157. Memorandum of Telephone Conversation Between President Johnson and the Under Secretary of State for Economic Affairs (Mann)1
[Omitted here is a lengthy conversation on copper prices in Chile, concluding with a discussion of whom to send to Chile as an emissary.]
The President asked Mr. Mann what he thought of Rostow and Mr. Mann said he thought Rostow was useful to the President; had a liberal image, big head, the Latins love him. Mr. Mann said he thought by staying with Rostow we could keep him on the track. The President asked if he were a Johnson man and Mr. Mann said he never heard anything anti-Johnson. [2 lines of text excised by the Johnson Library under the donor’s deed of gift.] He was very close to Kennedy.
The President asked who Mr. Mann would put in Bundy’s place if he left.2 Mr. Mann said he did not know. The President asked Mr. Mann if he would do it. Mr. Mann said he did not think he was physically up to it. He asked if Mr. Mann thought Clifford could do it and Mr. Mann said maybe. [2 words of text excised by the Johnson Library under the donor’s deed of gift.] The President asked Mr. Mann if that job was essential and Mr. Mann said he did not know if it was essential to center it around one person.
Mr. Mann said that this was one thing that he wanted to talk to the President about next Tuesday.3 He said that the President needed somebody who can deal with Cabinet officials and speak for the President and make the right decisions for the President without bothering the President. The President asked who was handling this now and Mr. Mann said that Bundy was who usually turned them over to Bator. He said that it was too much for Bundy to handle because he works mainly on security. Mr. Mann said there are a hundred little day to day decisions that have to be made.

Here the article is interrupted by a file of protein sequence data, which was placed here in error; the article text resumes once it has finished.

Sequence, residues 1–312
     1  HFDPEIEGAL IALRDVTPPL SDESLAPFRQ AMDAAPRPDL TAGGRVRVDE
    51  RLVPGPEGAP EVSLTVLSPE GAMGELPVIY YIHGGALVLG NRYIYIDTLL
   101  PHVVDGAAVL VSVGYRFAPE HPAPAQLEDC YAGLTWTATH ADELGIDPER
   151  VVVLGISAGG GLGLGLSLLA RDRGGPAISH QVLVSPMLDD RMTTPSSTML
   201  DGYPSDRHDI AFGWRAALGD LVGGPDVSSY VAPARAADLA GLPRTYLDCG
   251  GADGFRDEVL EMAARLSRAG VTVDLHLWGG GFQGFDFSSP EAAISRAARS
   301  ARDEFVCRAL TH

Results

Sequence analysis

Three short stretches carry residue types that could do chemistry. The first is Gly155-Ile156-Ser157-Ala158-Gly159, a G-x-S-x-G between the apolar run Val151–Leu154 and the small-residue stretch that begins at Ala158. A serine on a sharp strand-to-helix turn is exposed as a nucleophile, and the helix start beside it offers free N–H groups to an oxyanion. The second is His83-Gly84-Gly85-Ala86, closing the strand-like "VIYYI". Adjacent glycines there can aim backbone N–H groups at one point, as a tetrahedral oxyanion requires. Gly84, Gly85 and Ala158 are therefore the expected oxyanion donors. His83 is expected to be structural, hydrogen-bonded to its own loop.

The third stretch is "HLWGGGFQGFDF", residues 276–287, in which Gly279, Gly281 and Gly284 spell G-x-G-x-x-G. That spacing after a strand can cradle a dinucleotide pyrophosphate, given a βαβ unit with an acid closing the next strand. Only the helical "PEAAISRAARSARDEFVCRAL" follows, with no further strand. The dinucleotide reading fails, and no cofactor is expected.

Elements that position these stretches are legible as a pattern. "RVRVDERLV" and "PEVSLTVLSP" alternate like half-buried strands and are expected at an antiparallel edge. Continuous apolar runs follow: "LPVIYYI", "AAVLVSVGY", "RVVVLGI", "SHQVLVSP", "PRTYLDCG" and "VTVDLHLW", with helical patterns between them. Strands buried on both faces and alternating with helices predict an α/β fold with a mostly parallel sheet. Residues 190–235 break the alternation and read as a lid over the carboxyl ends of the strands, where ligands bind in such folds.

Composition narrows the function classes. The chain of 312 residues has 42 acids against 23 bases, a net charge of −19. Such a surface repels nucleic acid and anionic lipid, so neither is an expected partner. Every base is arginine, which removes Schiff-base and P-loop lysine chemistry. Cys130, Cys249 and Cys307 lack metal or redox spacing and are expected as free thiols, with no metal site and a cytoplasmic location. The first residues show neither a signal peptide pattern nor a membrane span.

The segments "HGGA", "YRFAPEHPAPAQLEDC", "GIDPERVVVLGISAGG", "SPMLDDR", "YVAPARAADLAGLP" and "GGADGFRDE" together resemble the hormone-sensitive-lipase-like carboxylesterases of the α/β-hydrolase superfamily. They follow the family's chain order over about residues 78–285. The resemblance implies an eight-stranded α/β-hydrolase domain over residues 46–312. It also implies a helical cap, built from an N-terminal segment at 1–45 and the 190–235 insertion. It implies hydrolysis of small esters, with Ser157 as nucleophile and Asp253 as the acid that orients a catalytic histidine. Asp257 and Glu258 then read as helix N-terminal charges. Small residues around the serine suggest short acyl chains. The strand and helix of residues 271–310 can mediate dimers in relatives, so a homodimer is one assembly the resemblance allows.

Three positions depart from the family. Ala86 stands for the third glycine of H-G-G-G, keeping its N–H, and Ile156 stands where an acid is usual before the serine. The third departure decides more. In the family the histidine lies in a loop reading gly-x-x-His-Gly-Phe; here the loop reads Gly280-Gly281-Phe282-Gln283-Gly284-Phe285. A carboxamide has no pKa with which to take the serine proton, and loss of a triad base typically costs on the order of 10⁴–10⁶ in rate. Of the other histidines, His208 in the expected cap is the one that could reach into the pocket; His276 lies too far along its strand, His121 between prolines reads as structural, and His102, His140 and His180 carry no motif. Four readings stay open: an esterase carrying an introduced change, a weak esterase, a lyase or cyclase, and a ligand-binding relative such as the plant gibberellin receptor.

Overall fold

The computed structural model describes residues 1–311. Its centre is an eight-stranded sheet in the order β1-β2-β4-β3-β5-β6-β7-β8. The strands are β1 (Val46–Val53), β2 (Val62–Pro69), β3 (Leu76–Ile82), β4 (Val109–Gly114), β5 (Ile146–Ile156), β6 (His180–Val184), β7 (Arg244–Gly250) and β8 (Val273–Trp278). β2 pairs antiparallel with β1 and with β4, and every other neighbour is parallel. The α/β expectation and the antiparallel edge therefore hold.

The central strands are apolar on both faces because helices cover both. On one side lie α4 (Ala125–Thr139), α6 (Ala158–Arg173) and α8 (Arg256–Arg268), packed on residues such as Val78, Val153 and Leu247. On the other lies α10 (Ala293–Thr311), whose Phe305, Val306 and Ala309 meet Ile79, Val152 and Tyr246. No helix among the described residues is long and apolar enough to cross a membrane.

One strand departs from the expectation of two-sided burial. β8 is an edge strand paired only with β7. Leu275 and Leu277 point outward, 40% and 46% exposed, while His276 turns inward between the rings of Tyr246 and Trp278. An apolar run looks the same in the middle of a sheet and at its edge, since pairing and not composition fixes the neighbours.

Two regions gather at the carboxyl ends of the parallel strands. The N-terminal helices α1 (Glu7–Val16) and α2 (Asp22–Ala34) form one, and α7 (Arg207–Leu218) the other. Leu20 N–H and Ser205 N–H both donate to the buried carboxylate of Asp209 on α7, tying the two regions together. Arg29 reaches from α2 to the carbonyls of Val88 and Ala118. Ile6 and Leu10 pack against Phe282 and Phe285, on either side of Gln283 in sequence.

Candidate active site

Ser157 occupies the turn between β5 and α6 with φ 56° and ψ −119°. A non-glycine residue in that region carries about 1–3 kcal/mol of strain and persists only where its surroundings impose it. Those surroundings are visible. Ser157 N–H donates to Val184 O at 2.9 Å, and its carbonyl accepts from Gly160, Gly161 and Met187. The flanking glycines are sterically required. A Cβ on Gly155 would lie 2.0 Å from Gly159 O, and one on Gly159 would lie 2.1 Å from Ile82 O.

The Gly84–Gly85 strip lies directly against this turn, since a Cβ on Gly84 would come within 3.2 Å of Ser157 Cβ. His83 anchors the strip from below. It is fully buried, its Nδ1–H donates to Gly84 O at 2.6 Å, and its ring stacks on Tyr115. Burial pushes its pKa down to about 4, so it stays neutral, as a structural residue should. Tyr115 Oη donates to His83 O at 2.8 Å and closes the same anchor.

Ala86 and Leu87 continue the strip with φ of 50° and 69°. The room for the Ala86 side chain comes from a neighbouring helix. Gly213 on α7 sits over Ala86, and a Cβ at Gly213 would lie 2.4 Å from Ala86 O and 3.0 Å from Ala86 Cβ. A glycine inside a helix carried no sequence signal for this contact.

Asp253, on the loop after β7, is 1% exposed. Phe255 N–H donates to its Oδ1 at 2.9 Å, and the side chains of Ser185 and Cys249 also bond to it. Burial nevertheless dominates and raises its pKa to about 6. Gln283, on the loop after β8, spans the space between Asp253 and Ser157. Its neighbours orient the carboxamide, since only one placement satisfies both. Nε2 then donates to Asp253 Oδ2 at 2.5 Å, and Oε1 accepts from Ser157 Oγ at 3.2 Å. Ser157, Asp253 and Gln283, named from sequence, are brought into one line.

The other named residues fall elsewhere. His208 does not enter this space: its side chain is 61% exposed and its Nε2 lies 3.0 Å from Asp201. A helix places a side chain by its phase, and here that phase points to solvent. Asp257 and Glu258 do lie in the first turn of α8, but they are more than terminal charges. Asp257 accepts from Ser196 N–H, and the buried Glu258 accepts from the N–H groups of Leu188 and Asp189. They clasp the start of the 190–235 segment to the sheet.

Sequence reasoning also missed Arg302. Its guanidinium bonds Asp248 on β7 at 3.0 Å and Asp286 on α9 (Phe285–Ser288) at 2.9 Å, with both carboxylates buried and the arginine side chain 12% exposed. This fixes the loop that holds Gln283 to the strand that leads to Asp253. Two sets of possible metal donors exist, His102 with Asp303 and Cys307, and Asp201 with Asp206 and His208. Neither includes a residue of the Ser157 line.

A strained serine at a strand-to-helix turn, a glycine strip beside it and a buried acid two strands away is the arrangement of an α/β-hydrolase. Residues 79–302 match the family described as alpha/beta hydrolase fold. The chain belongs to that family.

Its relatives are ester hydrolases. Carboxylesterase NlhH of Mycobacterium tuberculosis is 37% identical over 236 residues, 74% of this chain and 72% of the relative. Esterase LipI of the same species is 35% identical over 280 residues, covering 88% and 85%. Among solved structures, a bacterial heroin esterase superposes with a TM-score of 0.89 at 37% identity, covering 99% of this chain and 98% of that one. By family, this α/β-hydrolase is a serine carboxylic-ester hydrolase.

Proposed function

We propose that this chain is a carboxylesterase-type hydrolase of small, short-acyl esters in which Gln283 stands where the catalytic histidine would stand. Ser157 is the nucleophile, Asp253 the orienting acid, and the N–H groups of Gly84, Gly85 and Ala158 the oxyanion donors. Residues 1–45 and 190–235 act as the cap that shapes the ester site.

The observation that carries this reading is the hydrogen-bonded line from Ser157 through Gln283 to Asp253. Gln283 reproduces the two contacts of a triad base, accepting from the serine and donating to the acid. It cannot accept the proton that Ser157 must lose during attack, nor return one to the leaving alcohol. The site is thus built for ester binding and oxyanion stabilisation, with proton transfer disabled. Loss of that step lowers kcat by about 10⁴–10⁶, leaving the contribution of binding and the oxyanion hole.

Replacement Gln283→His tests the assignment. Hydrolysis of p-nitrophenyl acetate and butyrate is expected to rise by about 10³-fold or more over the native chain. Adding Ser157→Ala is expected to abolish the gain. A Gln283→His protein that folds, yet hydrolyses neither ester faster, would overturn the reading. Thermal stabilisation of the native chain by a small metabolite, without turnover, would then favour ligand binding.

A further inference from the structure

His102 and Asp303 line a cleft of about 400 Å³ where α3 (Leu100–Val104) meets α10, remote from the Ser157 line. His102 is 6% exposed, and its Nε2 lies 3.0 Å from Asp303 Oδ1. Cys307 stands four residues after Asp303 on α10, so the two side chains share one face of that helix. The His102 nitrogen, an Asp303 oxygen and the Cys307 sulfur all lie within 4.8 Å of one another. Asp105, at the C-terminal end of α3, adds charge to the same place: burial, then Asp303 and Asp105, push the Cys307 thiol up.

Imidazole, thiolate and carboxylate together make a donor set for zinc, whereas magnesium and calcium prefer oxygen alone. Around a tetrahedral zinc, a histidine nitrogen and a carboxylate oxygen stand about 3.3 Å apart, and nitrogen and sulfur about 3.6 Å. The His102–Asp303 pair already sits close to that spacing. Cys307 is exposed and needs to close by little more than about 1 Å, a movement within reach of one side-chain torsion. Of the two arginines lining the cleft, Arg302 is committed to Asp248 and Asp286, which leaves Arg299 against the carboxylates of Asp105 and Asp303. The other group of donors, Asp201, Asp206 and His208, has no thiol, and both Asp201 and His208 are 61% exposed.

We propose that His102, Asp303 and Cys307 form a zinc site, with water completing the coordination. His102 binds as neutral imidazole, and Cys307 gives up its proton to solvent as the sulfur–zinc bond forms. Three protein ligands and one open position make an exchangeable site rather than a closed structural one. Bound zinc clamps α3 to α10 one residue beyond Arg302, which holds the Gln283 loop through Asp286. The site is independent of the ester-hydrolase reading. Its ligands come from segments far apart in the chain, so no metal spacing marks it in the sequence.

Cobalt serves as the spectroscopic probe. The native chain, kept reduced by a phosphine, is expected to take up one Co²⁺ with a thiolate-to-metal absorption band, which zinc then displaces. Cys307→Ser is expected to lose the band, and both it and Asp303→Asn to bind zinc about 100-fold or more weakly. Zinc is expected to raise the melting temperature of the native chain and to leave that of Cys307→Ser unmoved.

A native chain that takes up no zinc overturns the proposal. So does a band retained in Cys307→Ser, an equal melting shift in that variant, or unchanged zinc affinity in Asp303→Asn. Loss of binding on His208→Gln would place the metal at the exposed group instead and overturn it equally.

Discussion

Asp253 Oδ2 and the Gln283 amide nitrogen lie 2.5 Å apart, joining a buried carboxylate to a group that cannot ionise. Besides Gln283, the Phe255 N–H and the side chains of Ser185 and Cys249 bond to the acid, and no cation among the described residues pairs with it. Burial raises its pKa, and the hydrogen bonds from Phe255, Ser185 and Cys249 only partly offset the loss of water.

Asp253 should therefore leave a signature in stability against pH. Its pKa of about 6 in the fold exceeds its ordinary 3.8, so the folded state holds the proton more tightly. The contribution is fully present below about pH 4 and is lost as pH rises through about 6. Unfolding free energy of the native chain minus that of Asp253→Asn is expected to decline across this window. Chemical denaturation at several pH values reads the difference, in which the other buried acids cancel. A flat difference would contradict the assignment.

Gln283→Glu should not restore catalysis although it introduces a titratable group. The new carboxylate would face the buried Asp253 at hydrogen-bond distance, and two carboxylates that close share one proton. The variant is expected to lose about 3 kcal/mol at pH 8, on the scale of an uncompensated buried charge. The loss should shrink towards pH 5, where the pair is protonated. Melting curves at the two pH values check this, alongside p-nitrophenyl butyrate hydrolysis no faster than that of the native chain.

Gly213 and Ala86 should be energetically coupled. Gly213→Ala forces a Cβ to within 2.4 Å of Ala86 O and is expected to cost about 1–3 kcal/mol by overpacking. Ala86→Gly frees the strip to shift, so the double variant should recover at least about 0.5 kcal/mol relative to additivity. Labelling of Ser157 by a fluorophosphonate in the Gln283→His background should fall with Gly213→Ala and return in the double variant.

The President asked about Bill Bundy to succeed his brother. Mr. Mann said he did not know him well. He said he thought he was an opinionated fellow and he thought the President needed somebody who would do what the President wanted done and not what that person wanted done. The President agreed.[Page 366]
The President asked about McNaughton and Mr. Mann said he was an awfully bright boy. That was all he knew about him.
[Omitted here is discussion of Chile and the Dominican Republic.]
- Source: Johnson Library, Mann Papers, Telephone Conversations with LBJ. No classification marking. Prepared by Patricia Saunders, Mann’s secretary.↩
- McGeorge Bundy informed the President on November 8 that he had been offered the presidency of the Ford Foundation; see Document 159.↩
- November 16. Mann did not speak with the President on November 16, but he did meet with him alone in his office from 4:14 to 4:50 p.m. on November 15. (Johnson Library, President’s Daily Diary) No record of the conversation has been found.↩